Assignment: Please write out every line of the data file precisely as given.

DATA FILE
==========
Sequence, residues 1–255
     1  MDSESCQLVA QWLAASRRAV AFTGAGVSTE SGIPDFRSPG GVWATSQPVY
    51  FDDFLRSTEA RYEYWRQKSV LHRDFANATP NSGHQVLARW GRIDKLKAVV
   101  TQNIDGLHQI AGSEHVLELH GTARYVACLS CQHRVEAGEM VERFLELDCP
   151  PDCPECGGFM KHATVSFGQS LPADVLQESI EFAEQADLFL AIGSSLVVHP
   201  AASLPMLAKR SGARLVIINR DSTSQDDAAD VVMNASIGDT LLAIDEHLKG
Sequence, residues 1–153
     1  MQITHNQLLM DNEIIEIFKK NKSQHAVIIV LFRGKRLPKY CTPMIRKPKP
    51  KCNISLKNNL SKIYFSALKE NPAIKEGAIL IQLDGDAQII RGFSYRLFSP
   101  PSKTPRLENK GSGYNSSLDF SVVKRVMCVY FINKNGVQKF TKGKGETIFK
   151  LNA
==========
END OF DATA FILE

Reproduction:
Sequence, residues 1–255
     1  MDSESCQLVA QWLAASRRAV AFTGAGVSTE SGIPDFRSPG GVWATSQPVY
    51  FDDFLRSTEA RYEYWRQKSV LHRDFANATP NSGHQVLARW GRIDKLKAVV
   101  TQNIDGLHQI AGSEHVLELH GTARYVACLS CQHRVEAGEM VERFLELDCP
   151  PDCPECGGFM KHATVSFGQS LPADVLQESI EFAEQADLFL AIGSSLVVHP
   201  AASLPMLAKR SGARLVIINR DSTSQDDAAD VVMNASIGDT LLAIDEHLKG
Sequence, residues 1–153
     1  MQITHNQLLM DNEIIEIFKK NKSQHAVIIV LFRGKRLPKY CTPMIRKPKP
    51  KCNISLKNNL SKIYFSALKE NPAIKEGAIL IQLDGDAQII RGFSYRLFSP
   101  PSKTPRLENK GSGYNSSLDF SVVKRVMCVY FINKNGVQKF TKGKGETIFK
   151  LNA